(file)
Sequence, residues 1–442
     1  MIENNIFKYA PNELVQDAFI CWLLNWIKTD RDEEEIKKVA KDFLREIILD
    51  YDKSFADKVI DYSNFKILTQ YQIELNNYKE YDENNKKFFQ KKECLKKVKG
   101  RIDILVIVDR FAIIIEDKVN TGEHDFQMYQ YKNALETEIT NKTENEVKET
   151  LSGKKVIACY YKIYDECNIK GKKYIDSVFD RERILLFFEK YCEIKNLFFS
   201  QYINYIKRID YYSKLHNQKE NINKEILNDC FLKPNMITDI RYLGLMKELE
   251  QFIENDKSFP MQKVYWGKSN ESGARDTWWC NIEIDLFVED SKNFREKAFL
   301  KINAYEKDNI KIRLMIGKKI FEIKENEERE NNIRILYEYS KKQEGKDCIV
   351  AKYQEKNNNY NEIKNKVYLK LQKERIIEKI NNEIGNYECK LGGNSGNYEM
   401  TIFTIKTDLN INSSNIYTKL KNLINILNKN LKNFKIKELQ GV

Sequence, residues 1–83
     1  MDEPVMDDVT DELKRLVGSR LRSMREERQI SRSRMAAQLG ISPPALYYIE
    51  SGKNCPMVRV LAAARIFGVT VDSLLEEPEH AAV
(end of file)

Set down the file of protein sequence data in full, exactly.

Sequence, residues 1–442
     1  MIENNIFKYA PNELVQDAFI CWLLNWIKTD RDEEEIKKVA KDFLREIILD
    51  YDKSFADKVI DYSNFKILTQ YQIELNNYKE YDENNKKFFQ KKECLKKVKG
   101  RIDILVIVDR FAIIIEDKVN TGEHDFQMYQ YKNALETEIT NKTENEVKET
   151  LSGKKVIACY YKIYDECNIK GKKYIDSVFD RERILLFFEK YCEIKNLFFS
   201  QYINYIKRID YYSKLHNQKE NINKEILNDC FLKPNMITDI RYLGLMKELE
   251  QFIENDKSFP MQKVYWGKSN ESGARDTWWC NIEIDLFVED SKNFREKAFL
   301  KINAYEKDNI KIRLMIGKKI FEIKENEERE NNIRILYEYS KKQEGKDCIV
   351  AKYQEKNNNY NEIKNKVYLK LQKERIIEKI NNEIGNYECK LGGNSGNYEM
   401  TIFTIKTDLN INSSNIYTKL KNLINILNKN LKNFKIKELQ GV

Sequence, residues 1–83
     1  MDEPVMDDVT DELKRLVGSR LRSMREERQI SRSRMAAQLG ISPPALYYIE
    51  SGKNCPMVRV LAAARIFGVT VDSLLEEPEH AAV